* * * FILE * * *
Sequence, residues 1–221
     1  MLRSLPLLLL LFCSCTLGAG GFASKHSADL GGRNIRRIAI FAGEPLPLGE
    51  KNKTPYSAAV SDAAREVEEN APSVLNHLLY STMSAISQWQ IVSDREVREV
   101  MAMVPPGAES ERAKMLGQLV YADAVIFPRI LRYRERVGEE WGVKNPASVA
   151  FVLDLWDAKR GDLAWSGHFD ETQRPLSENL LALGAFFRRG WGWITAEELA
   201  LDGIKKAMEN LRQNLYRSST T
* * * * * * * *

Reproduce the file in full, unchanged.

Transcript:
Sequence, residues 1–221
     1  MLRSLPLLLL LFCSCTLGAG GFASKHSADL GGRNIRRIAI FAGEPLPLGE
    51  KNKTPYSAAV SDAAREVEEN APSVLNHLLY STMSAISQWQ IVSDREVREV
   101  MAMVPPGAES ERAKMLGQLV YADAVIFPRI LRYRERVGEE WGVKNPASVA
   151  FVLDLWDAKR GDLAWSGHFD ETQRPLSENL LALGAFFRRG WGWITAEELA
   201  LDGIKKAMEN LRQNLYRSST T